Twelve Corners Orthodontics & Pediatric Dentistry Blog

Posts for tag: toothache

By Twelve Corners Orthodontics & Pediatric Dentistry
November 05, 2020
Category: Oral Health
HeresWhatToDoIfYourChildComplainsofaToothache

Perhaps the only thing worse than having a toothache of your own is when your child has one. Tooth pain can be a miserable experience, especially for children. It can also be confusing about what to do to deal with it.

Fortunately, a toothache usually isn't a dental emergency, so take a deep breath. Here's what you should do if your child is experiencing tooth pain.

Get the 411 from them. Before you call the dentist, find out more first about the tooth pain from your child with a few probing questions: Where exactly does it hurt? Do you feel it all through your mouth or just in one place? Is it all the time, or just when you bite down? When did it start? You may not get the same level of detail as you would from an adult, but even a little information helps.

Take a look in their mouth. There are a lot of causes for toothache like a decayed tooth or abscessed gums. See if any of the teeth look abnormal or if the gums are swollen. You might also find a piece of food or other particle wedged between the teeth causing the pain. In that case, a little dental floss might relieve the problem.

Ease the pain. While you're waiting on your dental appointment, you can help relieve some of their discomfort by giving them a child-appropriate dose of ibuprofen or acetaminophen. You can also apply an ice pack on the outside of the jaw for five minutes on, then five minutes off to decrease swelling. Under no circumstances, however, should you give your child aspirin or rub it on the gums.

See the dentist. It's always a good idea to follow up with the dentist, even if the pain subsides. In most cases, you may be able to wait until the next day. There are, however, circumstances that call for a visit as soon as possible: if the child is running a fever and/or has facial swelling; or if the tooth pain seems to be related to an injury or trauma.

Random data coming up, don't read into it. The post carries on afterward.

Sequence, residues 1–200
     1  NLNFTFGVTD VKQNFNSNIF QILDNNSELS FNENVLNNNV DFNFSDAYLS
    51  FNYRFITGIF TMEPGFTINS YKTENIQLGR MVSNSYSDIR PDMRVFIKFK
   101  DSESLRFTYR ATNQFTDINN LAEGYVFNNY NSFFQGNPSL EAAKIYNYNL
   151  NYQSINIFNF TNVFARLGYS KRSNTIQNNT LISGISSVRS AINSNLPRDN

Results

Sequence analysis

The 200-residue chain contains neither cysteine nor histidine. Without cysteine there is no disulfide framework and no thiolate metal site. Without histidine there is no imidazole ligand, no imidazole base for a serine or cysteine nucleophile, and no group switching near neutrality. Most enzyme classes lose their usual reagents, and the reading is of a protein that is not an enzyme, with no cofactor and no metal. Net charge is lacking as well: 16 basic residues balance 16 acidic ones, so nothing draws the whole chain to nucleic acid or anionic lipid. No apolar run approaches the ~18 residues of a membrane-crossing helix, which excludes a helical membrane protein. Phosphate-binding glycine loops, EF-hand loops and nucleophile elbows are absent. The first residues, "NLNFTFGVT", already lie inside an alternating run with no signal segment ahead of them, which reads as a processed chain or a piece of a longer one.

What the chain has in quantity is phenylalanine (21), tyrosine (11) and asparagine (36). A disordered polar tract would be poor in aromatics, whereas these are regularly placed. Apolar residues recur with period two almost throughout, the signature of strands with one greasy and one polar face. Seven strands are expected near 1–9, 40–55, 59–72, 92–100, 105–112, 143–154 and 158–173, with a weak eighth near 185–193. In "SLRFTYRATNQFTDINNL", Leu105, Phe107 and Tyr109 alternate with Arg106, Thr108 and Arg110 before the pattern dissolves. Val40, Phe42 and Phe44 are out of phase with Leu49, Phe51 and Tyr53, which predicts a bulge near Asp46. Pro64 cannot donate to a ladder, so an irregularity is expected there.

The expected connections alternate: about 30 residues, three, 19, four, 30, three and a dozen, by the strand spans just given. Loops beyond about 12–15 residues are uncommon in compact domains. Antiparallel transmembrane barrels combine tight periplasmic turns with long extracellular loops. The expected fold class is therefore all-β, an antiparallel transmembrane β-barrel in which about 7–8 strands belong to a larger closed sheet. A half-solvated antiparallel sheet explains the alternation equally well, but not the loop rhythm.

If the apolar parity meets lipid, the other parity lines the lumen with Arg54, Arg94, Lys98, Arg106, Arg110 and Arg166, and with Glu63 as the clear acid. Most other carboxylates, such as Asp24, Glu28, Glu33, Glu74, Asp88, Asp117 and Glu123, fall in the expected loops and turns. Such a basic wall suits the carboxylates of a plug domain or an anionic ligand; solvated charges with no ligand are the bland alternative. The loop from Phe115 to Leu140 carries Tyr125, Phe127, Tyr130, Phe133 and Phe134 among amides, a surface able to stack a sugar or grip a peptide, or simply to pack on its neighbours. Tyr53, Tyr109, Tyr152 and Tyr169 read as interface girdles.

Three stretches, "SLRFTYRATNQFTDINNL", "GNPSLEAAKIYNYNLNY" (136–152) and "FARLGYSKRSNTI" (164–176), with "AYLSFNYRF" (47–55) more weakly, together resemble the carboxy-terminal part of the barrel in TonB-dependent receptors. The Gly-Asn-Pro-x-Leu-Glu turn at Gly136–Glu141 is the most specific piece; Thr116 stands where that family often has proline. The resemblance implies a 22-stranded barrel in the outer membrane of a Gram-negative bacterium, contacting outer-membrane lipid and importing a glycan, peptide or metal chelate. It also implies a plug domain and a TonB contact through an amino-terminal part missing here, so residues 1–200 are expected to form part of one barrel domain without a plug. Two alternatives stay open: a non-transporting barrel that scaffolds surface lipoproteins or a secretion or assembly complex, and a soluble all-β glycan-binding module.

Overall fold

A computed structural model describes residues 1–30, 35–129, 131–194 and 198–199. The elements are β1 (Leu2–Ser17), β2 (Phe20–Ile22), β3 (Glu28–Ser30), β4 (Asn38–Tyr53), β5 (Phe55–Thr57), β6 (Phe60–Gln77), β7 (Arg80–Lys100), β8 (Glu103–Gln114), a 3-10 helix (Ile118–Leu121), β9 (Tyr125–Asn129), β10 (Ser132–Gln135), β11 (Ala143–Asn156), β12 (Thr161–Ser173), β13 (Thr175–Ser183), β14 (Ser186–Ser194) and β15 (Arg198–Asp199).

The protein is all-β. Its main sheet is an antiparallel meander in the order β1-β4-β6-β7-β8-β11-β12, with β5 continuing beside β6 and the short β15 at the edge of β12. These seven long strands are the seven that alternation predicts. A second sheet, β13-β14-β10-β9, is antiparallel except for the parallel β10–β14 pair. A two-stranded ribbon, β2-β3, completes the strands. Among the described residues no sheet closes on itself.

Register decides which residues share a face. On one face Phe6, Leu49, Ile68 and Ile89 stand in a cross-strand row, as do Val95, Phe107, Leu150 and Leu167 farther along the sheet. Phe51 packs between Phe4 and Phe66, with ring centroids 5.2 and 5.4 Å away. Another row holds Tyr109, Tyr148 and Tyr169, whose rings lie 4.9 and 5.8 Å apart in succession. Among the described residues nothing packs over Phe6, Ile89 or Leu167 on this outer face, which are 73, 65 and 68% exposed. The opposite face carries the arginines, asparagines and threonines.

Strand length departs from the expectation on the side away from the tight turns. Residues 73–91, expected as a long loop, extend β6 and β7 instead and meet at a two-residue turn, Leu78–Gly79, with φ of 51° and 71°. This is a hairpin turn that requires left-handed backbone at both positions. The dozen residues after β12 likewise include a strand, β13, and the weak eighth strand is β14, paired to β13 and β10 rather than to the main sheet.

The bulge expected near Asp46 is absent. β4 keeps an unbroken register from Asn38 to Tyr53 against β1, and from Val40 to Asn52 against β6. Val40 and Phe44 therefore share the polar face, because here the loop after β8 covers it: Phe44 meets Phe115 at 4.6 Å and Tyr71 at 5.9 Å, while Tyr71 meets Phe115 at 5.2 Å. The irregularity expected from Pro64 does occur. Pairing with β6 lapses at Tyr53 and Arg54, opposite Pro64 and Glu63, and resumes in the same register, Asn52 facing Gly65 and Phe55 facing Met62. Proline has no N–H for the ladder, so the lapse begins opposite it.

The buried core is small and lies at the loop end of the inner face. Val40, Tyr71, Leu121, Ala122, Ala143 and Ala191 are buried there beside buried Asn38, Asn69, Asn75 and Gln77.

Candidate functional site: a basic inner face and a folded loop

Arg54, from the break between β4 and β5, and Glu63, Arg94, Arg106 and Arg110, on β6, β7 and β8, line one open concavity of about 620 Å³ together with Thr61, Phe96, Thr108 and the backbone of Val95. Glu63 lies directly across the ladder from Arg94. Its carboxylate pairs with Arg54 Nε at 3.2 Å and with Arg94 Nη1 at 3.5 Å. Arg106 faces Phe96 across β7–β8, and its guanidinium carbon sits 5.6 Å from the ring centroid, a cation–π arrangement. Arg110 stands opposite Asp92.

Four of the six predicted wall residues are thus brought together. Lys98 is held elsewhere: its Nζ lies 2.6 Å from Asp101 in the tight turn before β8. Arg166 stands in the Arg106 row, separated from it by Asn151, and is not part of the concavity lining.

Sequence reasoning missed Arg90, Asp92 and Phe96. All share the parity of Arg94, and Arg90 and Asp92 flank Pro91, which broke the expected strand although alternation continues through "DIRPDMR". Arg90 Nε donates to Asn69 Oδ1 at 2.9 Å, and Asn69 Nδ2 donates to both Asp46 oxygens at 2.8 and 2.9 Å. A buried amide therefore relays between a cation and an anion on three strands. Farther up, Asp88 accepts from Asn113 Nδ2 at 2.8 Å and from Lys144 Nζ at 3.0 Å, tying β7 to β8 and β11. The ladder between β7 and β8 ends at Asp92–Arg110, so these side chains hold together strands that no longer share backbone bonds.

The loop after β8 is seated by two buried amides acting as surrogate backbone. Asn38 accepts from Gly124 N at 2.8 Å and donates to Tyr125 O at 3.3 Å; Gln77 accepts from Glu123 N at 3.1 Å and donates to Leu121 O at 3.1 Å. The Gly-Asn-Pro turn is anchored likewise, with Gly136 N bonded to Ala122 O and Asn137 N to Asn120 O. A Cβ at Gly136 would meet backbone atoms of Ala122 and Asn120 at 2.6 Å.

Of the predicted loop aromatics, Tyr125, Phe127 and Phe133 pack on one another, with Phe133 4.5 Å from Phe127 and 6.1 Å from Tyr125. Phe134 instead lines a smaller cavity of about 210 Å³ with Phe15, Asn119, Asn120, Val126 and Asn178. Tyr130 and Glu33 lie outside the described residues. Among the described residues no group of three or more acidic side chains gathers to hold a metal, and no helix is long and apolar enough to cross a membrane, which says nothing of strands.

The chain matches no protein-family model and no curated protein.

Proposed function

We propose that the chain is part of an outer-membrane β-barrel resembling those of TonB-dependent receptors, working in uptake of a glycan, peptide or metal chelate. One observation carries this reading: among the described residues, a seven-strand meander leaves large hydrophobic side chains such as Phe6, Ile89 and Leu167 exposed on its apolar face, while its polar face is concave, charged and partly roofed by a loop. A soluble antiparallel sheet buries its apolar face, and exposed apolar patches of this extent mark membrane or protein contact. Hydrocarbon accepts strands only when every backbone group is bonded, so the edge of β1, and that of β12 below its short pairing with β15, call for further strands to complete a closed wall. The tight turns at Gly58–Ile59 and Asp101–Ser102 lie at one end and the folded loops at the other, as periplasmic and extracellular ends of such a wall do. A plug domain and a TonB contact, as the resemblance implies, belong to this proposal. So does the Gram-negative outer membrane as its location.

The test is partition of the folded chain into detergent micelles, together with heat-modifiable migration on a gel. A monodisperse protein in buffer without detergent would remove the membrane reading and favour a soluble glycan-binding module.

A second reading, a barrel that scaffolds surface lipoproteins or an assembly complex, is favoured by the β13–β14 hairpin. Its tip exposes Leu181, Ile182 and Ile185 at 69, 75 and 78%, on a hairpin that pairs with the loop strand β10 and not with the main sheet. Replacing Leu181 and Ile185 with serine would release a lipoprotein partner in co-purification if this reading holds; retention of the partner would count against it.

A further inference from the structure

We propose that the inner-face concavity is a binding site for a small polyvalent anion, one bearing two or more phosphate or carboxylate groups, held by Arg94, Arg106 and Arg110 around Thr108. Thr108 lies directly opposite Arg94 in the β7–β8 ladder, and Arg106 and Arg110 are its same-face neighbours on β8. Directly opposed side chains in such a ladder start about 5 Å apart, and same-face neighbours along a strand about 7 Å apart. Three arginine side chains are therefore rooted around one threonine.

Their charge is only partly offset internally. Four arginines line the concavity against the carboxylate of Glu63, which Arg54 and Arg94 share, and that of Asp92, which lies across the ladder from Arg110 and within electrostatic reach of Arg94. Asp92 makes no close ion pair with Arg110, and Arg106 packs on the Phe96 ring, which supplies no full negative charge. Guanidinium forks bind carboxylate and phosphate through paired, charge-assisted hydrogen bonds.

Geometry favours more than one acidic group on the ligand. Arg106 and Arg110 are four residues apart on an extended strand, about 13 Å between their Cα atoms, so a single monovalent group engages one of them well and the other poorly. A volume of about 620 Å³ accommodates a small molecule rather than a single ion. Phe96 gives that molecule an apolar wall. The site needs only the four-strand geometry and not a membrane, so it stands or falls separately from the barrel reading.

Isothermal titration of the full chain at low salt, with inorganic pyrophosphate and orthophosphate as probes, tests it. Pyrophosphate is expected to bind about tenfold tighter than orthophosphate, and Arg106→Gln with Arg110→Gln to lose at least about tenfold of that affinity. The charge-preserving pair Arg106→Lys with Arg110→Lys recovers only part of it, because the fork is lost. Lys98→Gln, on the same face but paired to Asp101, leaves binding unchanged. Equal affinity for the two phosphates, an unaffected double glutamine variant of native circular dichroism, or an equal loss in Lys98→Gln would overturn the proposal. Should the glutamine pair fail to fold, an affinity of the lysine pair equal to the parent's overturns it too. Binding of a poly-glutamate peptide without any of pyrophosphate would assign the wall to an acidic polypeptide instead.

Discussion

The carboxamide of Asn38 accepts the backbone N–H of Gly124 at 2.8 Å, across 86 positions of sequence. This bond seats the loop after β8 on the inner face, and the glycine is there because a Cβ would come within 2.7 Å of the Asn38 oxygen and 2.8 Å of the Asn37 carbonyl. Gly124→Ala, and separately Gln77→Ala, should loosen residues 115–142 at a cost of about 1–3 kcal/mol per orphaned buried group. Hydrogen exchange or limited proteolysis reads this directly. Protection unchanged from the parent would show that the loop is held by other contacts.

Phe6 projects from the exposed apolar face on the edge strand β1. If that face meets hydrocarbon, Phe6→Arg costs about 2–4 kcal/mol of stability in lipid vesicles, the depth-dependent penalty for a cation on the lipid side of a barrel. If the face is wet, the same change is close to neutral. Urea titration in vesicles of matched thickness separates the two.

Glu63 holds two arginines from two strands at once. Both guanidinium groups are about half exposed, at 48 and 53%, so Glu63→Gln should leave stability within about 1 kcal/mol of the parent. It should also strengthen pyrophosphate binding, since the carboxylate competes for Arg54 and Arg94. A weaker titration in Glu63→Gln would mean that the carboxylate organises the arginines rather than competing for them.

It can be unsettling as a parent when your child has a toothache. But knowing what to do can help you stay calm and get them the care they need.

If you would like more information on pediatric dental care, please contact us or schedule an appointment for a consultation. You can also learn more about this topic by reading the Dear Doctor magazine article “A Child's Toothache.”

By Twelve Corners Orthodontics & Pediatric Dentistry
October 17, 2018
Category: Oral Health
Tags: toothache  
WhattoDoAboutYourChildsToothacheBeforeSeeingtheDentist

If your child begins complaining of tooth pain without an accompanying fever or facial swelling, it’s likely not an emergency. Still, you should have us check it—and the sooner the better if the pain persists or keeps your child up at night. There are a number of possible causes, any of which if untreated could be detrimental to their dental health.

Before coming in, though, you can do a cursory check of your child’s mouth to see if you notice any abnormalities. The most common cause for a toothache is tooth decay, which you might be able to see evidence of in the form of cavities or brown spots on the tooth’s biting surfaces. If you notice swollen or reddened gums around a tooth, this could be a possible sign of a localized area of infection known as an abscess. You should also ask your child if they fell or were hit in the mouth and look for any signs of an injury.

If you don’t see anything unusual, there may be another cause—stuck food like popcorn or candy lodged and exerting painful pressure on the gum tissue or tooth. You may be able to intervene in this case: gently floss around the affected tooth to try to dislodge any food particles. The pain may ease if you’re able to remove any. Even so, if you see abnormalities in the mouth or the pain doesn’t subside, you should definitely plan to come in for an examination.

In the meantime, you can help ease discomfort with a child-appropriate dose of ibuprofen or acetaminophen. An ice pack against the outside jaw may also help, but be careful not to apply ice directly to the skin. And under no circumstances rub aspirin or other painkiller directly on the gums—like ice, these products can burn the skin. If these efforts don’t help you should try to see us the same day or first thing the next morning for advanced treatment.

The main thing is not to panic. Knowing what to look for and when to see us will help ensure your child’s tooth pain will be cared for promptly.

If you would like more information on handling dental issues with your child, please contact us or schedule an appointment for a consultation. You can also learn more about this topic by reading the Dear Doctor magazine article “A Child’s Toothache.”



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